How cybersecurity can fuel Europe’s ambition to become an independent digital leader

I’ve always believed in globalization. However, three years ago, I read in The Economist a cover article on `Slowbalization’, covering the fact that the growth of globalization was slowing down. The business magazine observed that the Earth had become less flat and that the boom in global trade had stopped. Traditional allies like the US and the UK chose a more nationalistic political course and have put their interests first. Multinationals noticed that they had become overdependent on supplies from China – a weakness that became even more apparent recently when Chinese factories shut down due to Covid in 2020.

The current dramatic events in Ukraine and our dependency on Russian fossil fuel have only stressed the need for a stronger and more independent Europe, both economically and militarily.

As a result, critical infrastructures are being built, both locally and regionally. Just think of European support for the production of European microprocessors. To double the European market share in chips production by 2030, the European Union is drumming up €43 billion of public and private investments. But even then, European market share will only be 20%, still half of what it was in the 1990s.

The strategic role of cybersecurity

I would contend that a strong cybersecurity is critical infrastructure too, as cybersecurity has become a fundamental part of the overall IT architecture of organizations, both large and small.

The digital transformation of society, intensified by the COVID-19 crisis, has increased the importance of the digital economy. For many businesses, offering user-friendly digital services is key to sustaining growth, or even to survive. At the same time, the number of cyber attacks continues to rise, with increasingly sophisticated attacks coming from a wide range of sources, both inside and outside the EU, not only on economic targets but also on public or even military targets.

I strongly believe that there is need for more European unity on cybersecurity – as today’s market is dominated by non-European companies, controlling personal data and access to key systems.

The way forward

 To build a robust cyber defense, we need skilled local resources, especially in industry segments that are heavily regulated when it comes to privacy and cybersecurity, such as banking and insurance. As the cybersecurity industry is gradually becoming a services industry rather than a product sector, the need for local skilled workers is only increasing in importance.

Fortunately, skills and highly qualified personnel are two of the strong points of Europe. Many innovations are born in Europe. Just look at the banking industry, where European banks are far more innovative than most US players. Local banks have been the front runners when it comes to standardization and digital innovation.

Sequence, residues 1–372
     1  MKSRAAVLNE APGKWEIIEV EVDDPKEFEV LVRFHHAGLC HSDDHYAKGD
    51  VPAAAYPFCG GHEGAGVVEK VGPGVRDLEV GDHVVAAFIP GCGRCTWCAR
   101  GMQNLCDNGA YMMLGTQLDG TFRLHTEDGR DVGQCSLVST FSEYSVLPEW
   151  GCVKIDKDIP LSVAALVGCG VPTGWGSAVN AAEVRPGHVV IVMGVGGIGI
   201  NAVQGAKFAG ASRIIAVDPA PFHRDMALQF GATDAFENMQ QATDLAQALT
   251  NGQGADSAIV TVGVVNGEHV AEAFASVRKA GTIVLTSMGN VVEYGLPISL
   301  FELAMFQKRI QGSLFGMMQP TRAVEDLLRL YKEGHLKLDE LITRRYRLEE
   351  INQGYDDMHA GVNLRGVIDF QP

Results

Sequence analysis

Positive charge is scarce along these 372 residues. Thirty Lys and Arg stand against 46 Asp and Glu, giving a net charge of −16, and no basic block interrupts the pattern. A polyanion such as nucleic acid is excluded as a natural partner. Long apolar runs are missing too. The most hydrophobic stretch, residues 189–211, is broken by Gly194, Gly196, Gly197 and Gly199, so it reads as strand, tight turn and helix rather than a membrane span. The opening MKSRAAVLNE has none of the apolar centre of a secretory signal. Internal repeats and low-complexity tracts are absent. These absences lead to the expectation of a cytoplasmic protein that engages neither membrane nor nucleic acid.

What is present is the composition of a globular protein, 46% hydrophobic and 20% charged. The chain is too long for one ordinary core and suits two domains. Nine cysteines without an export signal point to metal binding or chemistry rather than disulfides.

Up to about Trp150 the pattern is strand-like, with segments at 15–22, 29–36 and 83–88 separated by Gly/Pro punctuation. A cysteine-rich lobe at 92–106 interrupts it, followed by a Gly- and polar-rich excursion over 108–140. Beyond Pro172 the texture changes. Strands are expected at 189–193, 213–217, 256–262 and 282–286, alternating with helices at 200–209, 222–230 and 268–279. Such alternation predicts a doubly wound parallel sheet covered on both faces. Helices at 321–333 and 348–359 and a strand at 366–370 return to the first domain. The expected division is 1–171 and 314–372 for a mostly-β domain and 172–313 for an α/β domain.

Universities are delivering well-trained cybersecurity experts, as we notice when we hire young graduates, and as we also experience at every edition of the Cyber Security Challenge Belgium that we sponsor. Many universities focus their research on cybersecurity in general and cryptography specifically, earning them high ranks in the list of top universities in the field of cryptography. And let’s not forget that the principle of One-Time Passwords (OTP) was invented in Belgium.

European regulations like GDPR boost research and create awareness around privacy and security, while other local initiatives like the Vlaams Data Nutsbedrijf in Flanders – where universities are working together with Tim Berners-Lee to build data vaults protecting citizens’ data – are increasing the trust in sharing and exchanging data, a prerequisite for economic growth.

According to EU data, there are no fewer than 60,000 companies in the EU that specialize in cybersecurity. That is huge. At the same time, that number points at a weakness too: our efforts are too fragmented and we should be pooling our resources. That is why, backed by European end-users and purchasing departments, investing in European cybersecurity vendors, and with the support of private equity firms like Essling Capital, TrustBuilder is currently pursuing a buy and build strategy to turn the inWebo Group into one of the leading players in the European cybersecurity market.

Author

Frank Hamerlinck

Frank Hamerlinck

As co-founder of global trade management leader Porthus, customer experience platform NGDATA, and strategic consulting services company innacco, Frank embodies the entrepreneurial mindset. His 20+ years of ICT experience is complemented by his position as ‘Entrepreneur in Residence’ at iMinds and coach at Netwerk Ondernemen.

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